For from $300 to $600, he will tailor 4×8-foot sheets of 3/8-inch plywood to cover up the mostly empty retail shops, restaurants and bars on the boulevard. Already he has protected the glass of 14 Fillmore addresses.

 “Looters are opportunists who look for convenient ways to break in and get out,” says Johnson. “They won’t spend time trying to dismantle a boarded-up facade. They’ll look for glass.”

Johnson is a licensed contractor who usually remodels interiors and does finish carpentry. So, he said, he tries “to provide a very clean appearance” for his clientele “instead of just slapping up boards, nailing them to 2x4s and making it look like a blighted area.” A few businesses have painted the wood a more stylish black or white, and a couple of murals have blossomed, along with the seemingly inevitable graffiti tags. But most are sporting raw plywood.

Johnson’s boarding-up business was spurred when staffers at the HeidiSays boutique passed his name along to others in the Fillmore Merchants Association. “That’s when it really started to snowball,” he says. “I got at least a dozen jobs in two weeks.”

Passersby at first would ask: “Is this store going out of business?” He told them: “No, it’s just an abundance of caution.”

Some residents and merchants see the boarding-up as an overreaction. There have been a few break-ins, as there were before the virus hit.

“It breaks my heart to see the street like this,” says Vas Kiniris, executive director of the merchants association. But many businesses have decided to be safe rather than sorry, and Johnson is still getting calls.

His fee includes removal when the stores reopen, he says.

Frye first to shut down

Frye’s stylish shop on Fillmore Street opened in 2016.

FRYE BOOTS at 2047 Fillmore Street has become the first neighborhood shop to announce it will close permanently.

“We were told last Friday [March 27] that we will not reopen our beautiful store,” says Frye manager and longtime local Cris Mcquay, who formerly managed Kiehl’s on Fillmore. “We will stay permanently closed going forward. We are closing all 16 Frye retail stores in the U.S.”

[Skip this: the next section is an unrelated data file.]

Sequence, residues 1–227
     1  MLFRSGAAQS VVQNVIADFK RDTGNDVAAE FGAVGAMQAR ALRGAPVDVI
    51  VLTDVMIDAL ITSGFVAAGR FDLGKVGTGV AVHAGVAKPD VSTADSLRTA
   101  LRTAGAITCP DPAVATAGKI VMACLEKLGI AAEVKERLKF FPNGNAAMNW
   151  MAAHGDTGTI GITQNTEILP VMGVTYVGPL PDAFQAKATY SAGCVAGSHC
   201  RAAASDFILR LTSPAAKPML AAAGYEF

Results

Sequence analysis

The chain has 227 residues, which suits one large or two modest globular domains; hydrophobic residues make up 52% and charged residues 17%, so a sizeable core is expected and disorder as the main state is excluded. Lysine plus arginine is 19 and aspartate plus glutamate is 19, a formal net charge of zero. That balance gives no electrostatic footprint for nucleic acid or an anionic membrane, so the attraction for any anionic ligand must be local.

She added: “I’m afraid we won’t be the only one — just the first confirmed case.”

Fillmore getting its first cannabis dispensary

Liberty Cannabis Dispensary will replace Unity Church at 2222 Bush Street.

LIBERTY SAN FRANCISCO has been granted a permit to open the neighborhood’s first cannabis dispensary.

On December 12, the Planning Commission unanimously approved Liberty’s application for a conditional use permit to open a retail dispensary just west of Fillmore at 2222 Bush Street, formerly the home of Unity Church. The church sold its longtime home for $5 million earlier this year.

The commission heard from 12 neighbors who supported the permit and seven who were opposed. Only one — Christopher Hayes, who lives nearby on Wilmot Alley — spoke when the issue finally came up at the bottom of the agenda more than seven hours after the meeting began. Hayes asked the commission to prohibit on-site consumption and to ban customer parking at the back of the building on Wilmot Alley. Both conditions were approved as part of the permit.

Timothy Omi, director of operations for Liberty SF, said it will be “a different type of cannabis dispensary focused on cannabis education and customer well-being.” He characterized its priorities as “hugs over haggling.”

Liberty also owns cannabis dispensaries in Massachusetts, Maryland, Pennsylvania and Southern California.

Fillmore Street: Retail Mecca?

The new boutique ADAY has just opened at 2011 Fillmore Street. 

FILLMORE BEAT | CHRIS BARNETT

Despite the fierce turnover among well-heeled retailers, is Fillmore Street still Mecca for merchants? Jon Levy, an exec with Leap — a New York-based firm that creates and launches traditional retail stores for web-based digital brands — is convinced of it. He just snapped up a second storefront on the street for a client and is gunning for a third — all in the same block.

Leap just soft-opened the women’s fashion shop ADAY at 2011 Fillmore, after the cosmetic emporium MAC vanished suddenly last month. A few months earlier, Leap opened Koio, a hip sneaker company, a few doors north at 2029 Fillmore in what was previously the Lilith women’s boutique. Now Leap has its sights on the space nearby at 2033 Fillmore being vacated by Modcloth, the Walmart-owned apparel startup that flopped as a brick-and-mortar venture but lives on online. 

Leap is neither an angel investor nor a venture capitalist. Its gig: Match online retail concepts with hot locations nationwide and get them off the brick and mortar launching pad. And even with the high casualty rates on Fillmore among solidly financed, often globally owned retailers, Levy feels the street has an irresistible appeal to tech-smart, savvy-spending millennials who aren’t afraid to disrupt rules and flout traditions.

Levy maintains that ADAY is aimed at the “fashion forward yet practical” woman who looks for simplicity and versatility in her wardrobe. “This is comfortable yet technical apparel — think high-end fabrics made of recycled materials,” he says. The premise is that customers can wear the same outfit to work, a party, a job interview and a club.

“These buyers are found in cities like San Francisco, L.A. and New York,” Levy says. “The place to be for retailers targeting those buyers is on Fillmore. Just look at Noosh. Filled. That’s our market.”

Levy, who kicks off all his new store grand openings with a music, food and drink party and invites the neighborhood — none of those “friends and family” insider-only private bashes — is doing the same with ADAY. A do-good shopping incentive: 10 percent of all proceeds will be donated to the California Fire Foundation to aid in wildfire relief.